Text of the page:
Posts Tagged shameless self-promotion
The Time Out juggernaut recently reached Melbourne, and I’ve been writing features, interviews and the occasional review for them. The best part? While you can still ride your dinosaur to your local newsagent and buy it in print, all its content’s online as well! You can’t search by author if you want to find my stuff, unfortunately, but here are some of my personal highlights spanning the first few issues.
I interviewed writer / director Andrew Haigh about his enormously moving drama Weekend and asked him what movie he finds genuinely romantic.
Inspired by Hugo and The Artist, I wrote about other films that wistfully look back at their own ancestors.
I talked to nomadic French filmmaker Vincent Moon about how his famous ‘Take Away Shows’ capture music in a way that regular concert documentaries can’t.
Something non-film: I profiled the inspirational Father Bob Maguire about 38 years of fighting the good fight.
And my favourite – because it did what all my favourite interviews do and exposed me to a world I’d never really considered before – I was taken on a walking tour of Melbourne’s cinema graveyards:
According to Dean Brandum, the multi-storey car park next to the Forum theatre is “hallowed ground”. It was once the enormous Majestic Theatre, retooled and refurbished as The Chelsea in 1960. By the mid-70s, however, The Chelsea had become Melbourne’s home of exploitation cinema. “Lots of pornography,” says Brandum, “and lots of European horror like Giallo films. The story goes that you could always see more rats than customers.”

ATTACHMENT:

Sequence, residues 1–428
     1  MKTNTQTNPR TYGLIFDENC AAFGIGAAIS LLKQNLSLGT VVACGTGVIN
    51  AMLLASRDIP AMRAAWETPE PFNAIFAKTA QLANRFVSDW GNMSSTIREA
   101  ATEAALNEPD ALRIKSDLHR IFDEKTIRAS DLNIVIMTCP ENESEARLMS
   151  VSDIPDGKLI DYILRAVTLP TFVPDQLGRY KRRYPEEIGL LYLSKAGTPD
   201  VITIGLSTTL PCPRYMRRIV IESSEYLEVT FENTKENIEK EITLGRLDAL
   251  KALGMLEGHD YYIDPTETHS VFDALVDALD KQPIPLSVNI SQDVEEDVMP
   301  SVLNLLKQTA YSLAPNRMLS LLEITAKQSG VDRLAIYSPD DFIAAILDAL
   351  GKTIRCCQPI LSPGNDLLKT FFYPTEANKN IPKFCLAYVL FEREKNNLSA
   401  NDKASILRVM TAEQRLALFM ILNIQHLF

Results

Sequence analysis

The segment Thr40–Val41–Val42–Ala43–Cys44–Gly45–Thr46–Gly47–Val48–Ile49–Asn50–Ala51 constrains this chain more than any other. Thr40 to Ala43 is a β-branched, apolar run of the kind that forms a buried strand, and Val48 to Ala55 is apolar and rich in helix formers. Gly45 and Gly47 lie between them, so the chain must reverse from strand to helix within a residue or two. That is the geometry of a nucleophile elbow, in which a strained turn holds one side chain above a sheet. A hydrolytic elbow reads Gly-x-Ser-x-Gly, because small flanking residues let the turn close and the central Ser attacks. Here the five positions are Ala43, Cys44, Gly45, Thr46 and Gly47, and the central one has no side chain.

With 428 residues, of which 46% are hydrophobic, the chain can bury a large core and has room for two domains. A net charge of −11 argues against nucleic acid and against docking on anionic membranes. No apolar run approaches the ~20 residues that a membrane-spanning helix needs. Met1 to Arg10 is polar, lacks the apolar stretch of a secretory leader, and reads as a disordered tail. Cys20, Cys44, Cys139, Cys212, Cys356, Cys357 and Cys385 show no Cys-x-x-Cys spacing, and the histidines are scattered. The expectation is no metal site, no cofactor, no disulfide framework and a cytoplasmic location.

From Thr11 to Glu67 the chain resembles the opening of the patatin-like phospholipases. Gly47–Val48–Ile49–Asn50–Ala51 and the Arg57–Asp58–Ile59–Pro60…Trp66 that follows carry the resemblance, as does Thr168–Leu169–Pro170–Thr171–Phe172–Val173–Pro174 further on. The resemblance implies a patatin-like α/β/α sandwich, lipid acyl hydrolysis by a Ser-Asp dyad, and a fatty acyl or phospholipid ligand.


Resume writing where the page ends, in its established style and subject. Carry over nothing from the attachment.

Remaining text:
Check out Time Out Melbourne here.
Is there anything more frightening than the words “BUY TICKETS” next to the title of a movie you wrote?
“What is genre cinema today? And to answer it, I said we have to look at genre film in its most iconoclastic form, in all its differences.”
Last year – the first of Camera Lucida – included Quentin Duplex’s killer tire movie Rubber and Hirokazu Koreeda’s poetic, absurd Air Doll. This year, it opens with William Eubank’s avant-garde sci-fi Love and closes with the world premiere of EXIT on August 4.
Their description of EXIT begins like this: “According to legend, there exists at the heart of the city a door that opens upon a parallel universe. No one knows its origin or where it leads.” It calls EXIT “one of the best science fiction films of the year, merging a small budget with big ideas.”
(Is EXIT a science fiction film? I think that’s a very interesting question, actually…)
You can read Fantasia’s full description here, as well as watch our trailer and buy tickets for the premiere. The director Marek Polgar and I will be guests of the festival, too, and we can’t wait.
In Australia, not long ago, we were amongst the first to see the respectable 6pm Saturday deadline for Harold Camping’s predicted rapture. It was impossible to ignore the fact that the world actually didn’t end. Don’t worry – he’s now said that it’ll come in October, and this time was more of a spiritual armageddon. The kind most of us wouldn’t notice.
But all this rapture-talk reminded me of a novella I wrote, inspired by my own odd feeling of disappointment when the world didn’t end on New Year’s Eve 1999. It’s called Zero Zero Zero, and features the hyperactive, advertising-tinged writing style I used a few years ago. (I’ve been trying to tame it ever since.) It stars a conceptual supermodel, a vigilante postman, and a young man receiving private, inexplicable broadcasts of a sci-fi radio serial.
I thought I’d put the first chapter, Midnight, online for anyone who might still be feeling a little apocalyptically unsettled.